Rev.  Joel A. Martinez, new rector of St. Paul's Episcopal Church in Holyoke.  He is the first Latino minister in the history of the church.

Rev. Joel A. Martinez, new rector of St. Paul’s Episcopal Church in Holyoke. He is the first Latino minister in the history of the church. (Don Treeger / The Republican) 10/20/2022

Martinez was born in the Dominican Republic and attended Universidad Autónoma de Santo Domingo to earn a degree in accounting. After a missionary trip to Spain, he enrolled in the seminary of the Dominican Episcopal Church for theological studies.

He was ordained to the Holy Order of Deacon in 2020 and was ordained to the priesthood on May 22, 2021. Both ordinations took place in Springfield. A former canon of Christ Church Cathedral in Springfield, he noted that the first time he heard the call to the priesthood in the Episcopal Church was when he was 15, during a retreat young people in Jarabacoa, Dominican Republic.

His plan for St. Paul’s Episcopal Church is to continue to be the people’s church, where all are welcome to worship, but also to be a welcoming place for all, no matter where they come from. .

“The intention is that this church can come out of its walls to tell the community of Holyoke and surrounding areas that the love of God has no limits and that we are all invited to live in this love”, a- he declared. “People are getting further and further away from God and in most cases they are very preoccupied with their daily affairs. Many find church to be something for the elderly or boring, and our approach is to prove otherwise We will make our congregation attractive to all, regardless of age.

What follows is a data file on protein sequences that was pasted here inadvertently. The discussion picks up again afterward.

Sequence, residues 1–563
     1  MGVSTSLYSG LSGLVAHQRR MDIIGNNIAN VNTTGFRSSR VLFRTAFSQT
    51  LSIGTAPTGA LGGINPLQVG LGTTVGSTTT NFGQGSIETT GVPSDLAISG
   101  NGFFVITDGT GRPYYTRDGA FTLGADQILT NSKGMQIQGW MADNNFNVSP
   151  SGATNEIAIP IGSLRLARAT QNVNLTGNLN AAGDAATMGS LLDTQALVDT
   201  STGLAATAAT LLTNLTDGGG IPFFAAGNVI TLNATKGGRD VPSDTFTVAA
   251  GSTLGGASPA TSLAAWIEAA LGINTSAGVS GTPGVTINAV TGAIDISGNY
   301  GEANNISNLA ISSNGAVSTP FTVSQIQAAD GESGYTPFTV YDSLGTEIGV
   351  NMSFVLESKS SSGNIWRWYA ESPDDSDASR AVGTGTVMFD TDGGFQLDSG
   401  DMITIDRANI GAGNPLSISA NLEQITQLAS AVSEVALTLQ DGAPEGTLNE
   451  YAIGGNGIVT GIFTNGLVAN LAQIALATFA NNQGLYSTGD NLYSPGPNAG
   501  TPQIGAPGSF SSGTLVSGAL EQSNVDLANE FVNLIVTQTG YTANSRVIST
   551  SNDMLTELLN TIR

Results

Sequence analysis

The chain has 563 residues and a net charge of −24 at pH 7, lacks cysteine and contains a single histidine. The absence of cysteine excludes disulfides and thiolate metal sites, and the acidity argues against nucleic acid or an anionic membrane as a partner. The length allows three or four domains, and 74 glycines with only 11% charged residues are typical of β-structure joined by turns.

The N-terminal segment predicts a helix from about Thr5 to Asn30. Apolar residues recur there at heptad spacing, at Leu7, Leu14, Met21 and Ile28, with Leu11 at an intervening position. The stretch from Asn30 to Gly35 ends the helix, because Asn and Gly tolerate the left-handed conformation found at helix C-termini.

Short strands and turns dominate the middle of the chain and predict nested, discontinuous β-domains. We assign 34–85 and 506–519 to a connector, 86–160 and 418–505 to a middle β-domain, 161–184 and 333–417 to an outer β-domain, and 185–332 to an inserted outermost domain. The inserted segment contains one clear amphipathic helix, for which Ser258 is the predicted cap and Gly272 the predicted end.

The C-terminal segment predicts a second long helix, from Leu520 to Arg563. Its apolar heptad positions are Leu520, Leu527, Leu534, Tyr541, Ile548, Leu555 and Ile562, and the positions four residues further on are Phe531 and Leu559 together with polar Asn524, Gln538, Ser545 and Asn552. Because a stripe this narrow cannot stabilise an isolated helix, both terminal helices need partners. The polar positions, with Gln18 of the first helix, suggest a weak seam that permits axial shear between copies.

This church has 200 members, including people from Cuba, Colombia, Puerto Rico, and the Dominican Republic. Like most churches during and after the pandemic, attendance there has dwindled, but there are still people involved in different ways, Martinez said, hoping many will return in person rather than praying online.

“Joel is one of the most talented priests I know, period. He has great instincts, a love for God and God’s people, a warm and engaging personality,” Simpson said. “He served a Spanish-speaking congregation at our cathedral and did an incredible job there, but he was more than ready to take that next step and serve both an English- and Spanish-speaking congregation in Holyoke.”

He said the diocese is blessed by his ministry.

“Joel is a faithful and enthusiastic follower of Jesus. His sermons will inspire the people of God. St. Paul’s already has a lot of holy missions going on, and Joel is ready to step in and add to them,” Fisher said. “Joel will also reach beyond the walls of the church and invite new people into this vibrant and hopeful community of faith.”

In the last book of the Bible, the Apocalypse of John, the visionary looks and sees people from every tribe, tongue, people and nation. “To prepare for this reality, we must practice here and now by building beloved communities that reflect this same divine reality,” Simpson said. “We are 100% for diversity and for developing leaders who help us claim this reality. We see diversity as a gift from God.

Martha J. Finley